I was very disappointed to read an article entitled Stand up for reason! written by James Merryweather over on the atheist blog The Freethinker.
Here’s a flavour:
I have a cunning plan. We non-believers should unobtrusively infiltrate church congregations. Each time the vicar or minister or priest or pastor or preacher says something daft (as they surely will), we should muster our courage, raise a hand, be recognised, stand up and politely ask him or her to justify or explain it. Of course, the congregation will gasp at the effrontery of it. They will turn and stare in disbelief and outrage. But we must stand our ground and not be intimidated by the implicit demand that we should, like them, pay respect to the cloth through dumb, unquestioning silence.
We potential bold contradictors can pick on these apocrypha and many other inconsistencies (syn. nonsense), and challenge the vicar to clarify the truth of the matter, and if s/he can’t, s/he should be encouraged to talk about something more meaningful.
If minister or Bible reader bleats on about the creation according to Genesis, take the side of evolution (first make sure you know the science, the Bible and creationist pseudoarguments). If he’s a moderate who has accepted the scientific fact but has mindlessly gone into biblical auto-run, he ought to be embarrassed when challenged and hopefully will pull himself together. If he’s a rabid creationist, prepare to enjoy a right old dingdong, but don’t get over excited. Conduct yourself with dignity and stand firm but fair in the authority of knowledge, intellect and reason. Don’t argue. Let him do the talking. He’ll soon tie himself in knots or trot out nuggets of familiar creationist misinformation about evolution that you can then tackle with a swift academic blow. If you can counter his bogus version of evolution concisely and with authoritative confidence (it’s quite easy really because they have only a few pat items of utter codswallop) you can sustain your gentle interrogation. Calmly but persistently ask questions to oblige him to deal with the science: “Why do you think that?” – “Is that what Darwin/Dawkins/Ridley says?” – “Are you certain that’s right?” as you reveal the established biological facts of which he has, inevitably, produced the usual false versions. But be prepared: even if you keep cool, the preacher and his flock might not and you could get thrown out. So why not have a press photographer in attendance?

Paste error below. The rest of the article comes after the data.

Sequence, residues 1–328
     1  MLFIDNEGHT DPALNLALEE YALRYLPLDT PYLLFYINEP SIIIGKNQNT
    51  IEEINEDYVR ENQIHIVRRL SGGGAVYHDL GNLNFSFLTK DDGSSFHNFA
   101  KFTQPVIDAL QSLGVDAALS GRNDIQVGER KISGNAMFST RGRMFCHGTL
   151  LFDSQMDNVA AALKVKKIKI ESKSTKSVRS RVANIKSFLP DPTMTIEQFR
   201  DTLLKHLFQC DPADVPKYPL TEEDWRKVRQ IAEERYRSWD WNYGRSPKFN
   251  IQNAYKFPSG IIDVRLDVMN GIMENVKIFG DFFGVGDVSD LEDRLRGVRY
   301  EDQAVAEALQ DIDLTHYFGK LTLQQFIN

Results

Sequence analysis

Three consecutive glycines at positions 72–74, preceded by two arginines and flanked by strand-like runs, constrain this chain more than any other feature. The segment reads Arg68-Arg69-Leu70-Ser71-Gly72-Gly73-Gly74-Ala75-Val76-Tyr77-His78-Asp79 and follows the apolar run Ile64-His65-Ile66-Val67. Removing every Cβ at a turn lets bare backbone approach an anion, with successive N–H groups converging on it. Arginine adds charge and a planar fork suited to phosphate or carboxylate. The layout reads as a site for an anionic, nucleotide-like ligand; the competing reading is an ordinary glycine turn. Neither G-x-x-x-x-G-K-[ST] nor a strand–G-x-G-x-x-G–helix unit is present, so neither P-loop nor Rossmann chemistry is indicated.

There are many of us Christians standing against the more extreme elements in our Church. We systematically combat Fundamentalism, Biblical Literalism, Anti-Science, Dominionism, censorship; so forth and so on. If atheists wish to undermine these incremental steps forward then I heartedly suggest they adopt the aggressive and unnecessary tactics suggested above.
Leave the modernising to us Christians and allow us the room to challenge if we wish to do so.
As for the other matters of faith mentioned in the article, we are perfectly entitled to hold our beliefs – no matter how incredulous an atheist may deem them – and worship in peace within our own buildings, without being interrupted in order that justifications and explanations be given to those that hold our faith utterly contemptible.
A poor article indeed.